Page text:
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What's the difference between 少{すこ}し (sukoshi) and 小{ちい}さい (chiisai)?

In what situations would I use each one?

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2 Answers 2

up vote 6 down vote accepted

To add to the answer from Ignacio, 小さい is "little" that is opposite to "big" while 少し is "a little" that is opposite to "a lot". That is to say that 小さい describes the small size/volume, while 少し describes the small quantity/magnitude.

Adding 少し in "もう少し安いのはありませんか" adds the connotation of "a little" to "cheaper" to become "Is there one that is a little cheaper?" instead of simply "Is there one that is cheaper?". It softens the tone of the request.

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1  
In short, 少し means 'less'. もう少し means 'a little more'. –  sawa Jul 18 '11 at 14:53
    
@sawa, do you have an example where 少し means 'less'? I cannot think of any. I would say that 少し means 'a little' (as Lukman says) whereas 'less' in Japanese would be something like (もっと)少ない/少なく, depending on how it's used. –  dainichi Jan 20 '12 at 7:35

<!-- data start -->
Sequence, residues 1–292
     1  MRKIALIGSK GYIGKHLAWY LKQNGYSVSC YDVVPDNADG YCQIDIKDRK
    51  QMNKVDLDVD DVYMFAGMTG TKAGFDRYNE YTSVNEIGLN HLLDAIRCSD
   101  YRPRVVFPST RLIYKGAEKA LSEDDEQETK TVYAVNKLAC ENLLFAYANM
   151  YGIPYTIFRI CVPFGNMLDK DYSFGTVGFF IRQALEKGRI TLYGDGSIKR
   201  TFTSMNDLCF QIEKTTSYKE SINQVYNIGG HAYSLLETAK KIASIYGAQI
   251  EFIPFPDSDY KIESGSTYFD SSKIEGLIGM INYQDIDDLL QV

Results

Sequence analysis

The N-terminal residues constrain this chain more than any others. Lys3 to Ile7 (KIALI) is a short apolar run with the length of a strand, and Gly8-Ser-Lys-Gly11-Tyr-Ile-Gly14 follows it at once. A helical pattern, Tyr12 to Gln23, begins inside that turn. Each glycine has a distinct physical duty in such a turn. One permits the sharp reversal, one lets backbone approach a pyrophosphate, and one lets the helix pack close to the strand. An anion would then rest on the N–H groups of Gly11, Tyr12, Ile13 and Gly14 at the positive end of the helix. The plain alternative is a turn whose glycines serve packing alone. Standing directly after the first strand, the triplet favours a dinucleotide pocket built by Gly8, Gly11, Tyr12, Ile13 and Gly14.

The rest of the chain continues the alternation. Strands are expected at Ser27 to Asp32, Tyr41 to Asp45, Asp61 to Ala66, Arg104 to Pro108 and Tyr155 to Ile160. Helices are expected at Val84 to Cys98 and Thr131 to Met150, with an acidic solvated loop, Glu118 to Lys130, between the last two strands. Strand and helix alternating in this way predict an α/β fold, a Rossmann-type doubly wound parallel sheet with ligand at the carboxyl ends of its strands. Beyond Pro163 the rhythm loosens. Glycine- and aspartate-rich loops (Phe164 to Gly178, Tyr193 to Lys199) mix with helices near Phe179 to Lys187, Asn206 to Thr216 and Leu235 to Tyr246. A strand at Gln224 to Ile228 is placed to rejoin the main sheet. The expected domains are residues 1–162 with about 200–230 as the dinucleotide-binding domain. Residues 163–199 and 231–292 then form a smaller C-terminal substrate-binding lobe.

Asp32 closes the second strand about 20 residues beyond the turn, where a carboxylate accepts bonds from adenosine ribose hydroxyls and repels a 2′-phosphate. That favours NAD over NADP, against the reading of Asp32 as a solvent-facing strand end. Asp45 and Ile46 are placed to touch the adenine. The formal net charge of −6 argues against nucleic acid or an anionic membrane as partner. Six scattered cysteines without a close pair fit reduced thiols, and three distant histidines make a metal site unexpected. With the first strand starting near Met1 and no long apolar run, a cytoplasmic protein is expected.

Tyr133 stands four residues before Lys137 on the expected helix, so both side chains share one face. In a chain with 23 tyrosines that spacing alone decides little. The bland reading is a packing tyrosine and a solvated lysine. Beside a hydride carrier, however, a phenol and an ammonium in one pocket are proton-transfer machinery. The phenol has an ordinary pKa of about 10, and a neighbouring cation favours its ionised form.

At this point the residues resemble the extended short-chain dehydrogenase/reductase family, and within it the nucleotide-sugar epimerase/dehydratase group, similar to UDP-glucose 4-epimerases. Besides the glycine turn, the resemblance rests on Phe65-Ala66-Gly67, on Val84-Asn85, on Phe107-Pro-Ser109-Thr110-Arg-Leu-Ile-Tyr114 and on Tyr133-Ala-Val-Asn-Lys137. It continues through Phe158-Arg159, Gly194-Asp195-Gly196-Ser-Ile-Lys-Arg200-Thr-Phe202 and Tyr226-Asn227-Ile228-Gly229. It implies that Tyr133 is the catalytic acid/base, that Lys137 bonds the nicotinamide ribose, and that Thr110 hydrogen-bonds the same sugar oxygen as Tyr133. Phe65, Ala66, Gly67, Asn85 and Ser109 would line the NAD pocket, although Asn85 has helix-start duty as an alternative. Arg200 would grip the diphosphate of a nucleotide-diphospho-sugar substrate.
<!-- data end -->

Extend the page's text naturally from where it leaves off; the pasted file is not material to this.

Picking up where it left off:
「少し」 is an adverb, and as such it modifies verbs (「少し話せる」 -> "can speak a little"), and refers to ability or capability. 「小さい」 is an adjective, and so modifies nouns (「小さい餓鬼」 -> "little brat"), and refers to size.

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Can you explain the following sentence from "Colloquial Japanese": もう少し安いのはありませんか. (Mou sukoshi yasui no wa arimasen ka.)? "Sukoshi" does not seem to be modifying a verb here. –  MatthewD Jul 18 '11 at 7:46
3  
Well, verbs are the most common thing for adverbs to modify, but they can also modify adjectives and other adverbs as well. –  Ignacio Vazquez-Abrams Jul 18 '11 at 7:50

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